19 Aug Aches and Pains in Pregnancy
The stereotypical picture of a pregnant woman grimacing with discomfort while clutching her low back is well known, but why? And does this have to be the expectation in pregnancy? For many women, pregnancy is a time of excitement, planning, but also of physical discomfort. In fact, it is estimated that virtually ALL women experience musculoskeletal discomfort during pregnancy, with 25% of these women experiencing at least temporarily disabling symptoms.
Three of the most common musculoskeletal disorders of pregnancy include:
1. Low Back Pain
Studies estimate that approximately 50% of pregnant women experience low back pain, with only 32% of these women reporting these symptoms to their prenatal care provider. Lumbar spine pain is typically felt above the belt line and is thought to be due to altered biomechanics and joint relaxation due to the hormone relaxin. Notably, disc herniations can also occur during pregnancy, although they are relatively uncommon. If the pain is severe and radiates into the leg, it is imperative for the patient to have a complete neurological exam; if there are any findings of a severe radiculopathy (pinched nerve), an MRI may additionally be ordered for evaluation. In most cases, after appropriate diagnosis, a customized treatment plan can be designed to treat low back pain and may include core and pelvic stabilization exercises, manipulative treatments, use of a lumbar support binder, medications, and/or acupuncture.
2. Pelvic Girdle Pain
Pelvic girdle pain refers to persistent musculoskeletal pain at the anterior and/or posterior pelvic ring, including the pubic symphysis (in the front) and the sacroiliac (SI) joints (in the low back/buttock region). Pubic symphysis pain is felt at the front of the pelvic girdle and can be aching, burning, or stinging and can radiate down into the thighs. This is commonly due to symphysis widening mechanical strain due to pelvic instability. SI joint pain is typically felt below the belt line and can also refer down the leg. Pelvic girdle pain is often exacerbated by weight bearing, transitional movements (i.e. sit to stand), and predominantly single-legged movements like stairs or lunges. When correctly diagnosed with a detailed musculoskeletal exam, many patients see relief with a tailored program of pelvic stabilizing exercises, heat and ice, and use of an appropriately fitted pelvic support belt. Injections are rarely needed but can be helpful in the most severe cases.
3. Carpal Tunnel Syndrome
The symptoms of carpal tunnel syndrome occur far away from the back and pelvis – all the way out in the hands – but this diagnosis is also associated with pregnancy. Peripheral edema, or swelling, during pregnancy can cause compression of the peripheral nerves, including the median nerve at the wrist, causing pain, numbness and/or tingling, and sometimes weakness involving the first three fingers of the hand. After accurate diagnosis with history and exam and in some cases with electrodiagnostics, many women see relief with thermoplastic night splints, stretching, and biomechanical re-education with injections available in refractory cases.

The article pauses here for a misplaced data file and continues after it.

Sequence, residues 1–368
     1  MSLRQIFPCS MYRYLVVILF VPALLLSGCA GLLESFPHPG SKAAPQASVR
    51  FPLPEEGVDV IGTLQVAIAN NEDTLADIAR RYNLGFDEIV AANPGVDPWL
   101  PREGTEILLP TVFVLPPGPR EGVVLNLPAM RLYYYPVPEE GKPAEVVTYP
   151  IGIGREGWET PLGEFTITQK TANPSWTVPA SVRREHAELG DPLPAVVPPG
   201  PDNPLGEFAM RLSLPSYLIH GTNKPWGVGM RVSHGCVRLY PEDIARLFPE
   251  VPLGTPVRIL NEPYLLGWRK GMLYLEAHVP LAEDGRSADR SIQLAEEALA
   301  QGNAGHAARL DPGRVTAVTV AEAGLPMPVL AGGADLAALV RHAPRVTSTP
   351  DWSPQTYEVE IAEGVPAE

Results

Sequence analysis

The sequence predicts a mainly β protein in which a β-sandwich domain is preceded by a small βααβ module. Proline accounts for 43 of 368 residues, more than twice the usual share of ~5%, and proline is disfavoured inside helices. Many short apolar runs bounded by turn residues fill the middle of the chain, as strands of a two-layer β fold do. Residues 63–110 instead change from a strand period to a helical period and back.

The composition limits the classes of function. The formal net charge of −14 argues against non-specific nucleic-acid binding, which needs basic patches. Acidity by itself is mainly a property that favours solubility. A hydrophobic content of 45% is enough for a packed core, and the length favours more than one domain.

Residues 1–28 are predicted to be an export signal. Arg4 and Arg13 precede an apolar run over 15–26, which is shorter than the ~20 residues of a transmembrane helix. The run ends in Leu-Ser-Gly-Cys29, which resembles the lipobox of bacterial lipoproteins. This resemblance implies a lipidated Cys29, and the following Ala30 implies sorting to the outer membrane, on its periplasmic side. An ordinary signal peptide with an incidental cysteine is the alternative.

Many women have been told by friends, family, and even healthcare providers that aches and pains are just a part of pregnancy, and there’s nothing to do but wait it out. But more and more we are learning that that is not the case. The providers at Desert Spine and Sports Physicians are all board-certified physiatrists (PM&R specialists) who take the time to evaluate each patient with a comprehensive history and a complete musculoskeletal and neurological exam to determine the correct diagnosis, screen for any potentially dangerous conditions, and create a comprehensive treatment plan to help relieve pain and improve function. Our goal is to help our pregnant patients enter motherhood feeling fit, healthy, and strong!
1. Borg-Stein J, Dugan SA. Musculoskeletal disorders of pregnancy, delivery and postpartum. Phys Med Rehabil Clin N Am. 2007;18(3):459-ix.
2. H.L. Carlson, N.L. Carlson, B.A. Pasternak, et al. Understanding and managing the back pain of pregnancy. Curr Womens Health Rep, 3 (2003), pp. 65-71
3. S.M. Wang, P. Dezinno, I. Maranets, et al. Low back pain during pregnancy: prevalence, risk factors, and outcomes. Obstet Gynecol, 104 (2004), pp. 65-70
4. M.M. LaBan, S. Viola, D.A. Williams, et al. Magnetic resonance imaging of the lumbar herniated disc in pregnancy. Am J Phys Med Rehabil, 74 (1995), pp. 59-61
5. Kanakaris, N.K., Roberts, C.S. & Giannoudis, P.V. Pregnancy-related pelvic girdle pain: an update. BMC Med 9, 15 (2011).
6. Stuge, B., Lærum, E., Kirkesola, G., Vøllestad, N. The Efficacy of a Treatment Program Focusing on Specific Stabilizing Exercises for Pelvic Girdle Pain After Pregnancy: A Randomized Controlled Trial, Spine: 2004; 29 (4), pp. 351-359
7. G. Ekman-Ordeberg, S. Salgeback, G. Ordeberg. Carpal tunnel syndrome in pregnancy: a prospective study. Acta Obstet Gynecol Scand, 66 (1987), pp. 233-235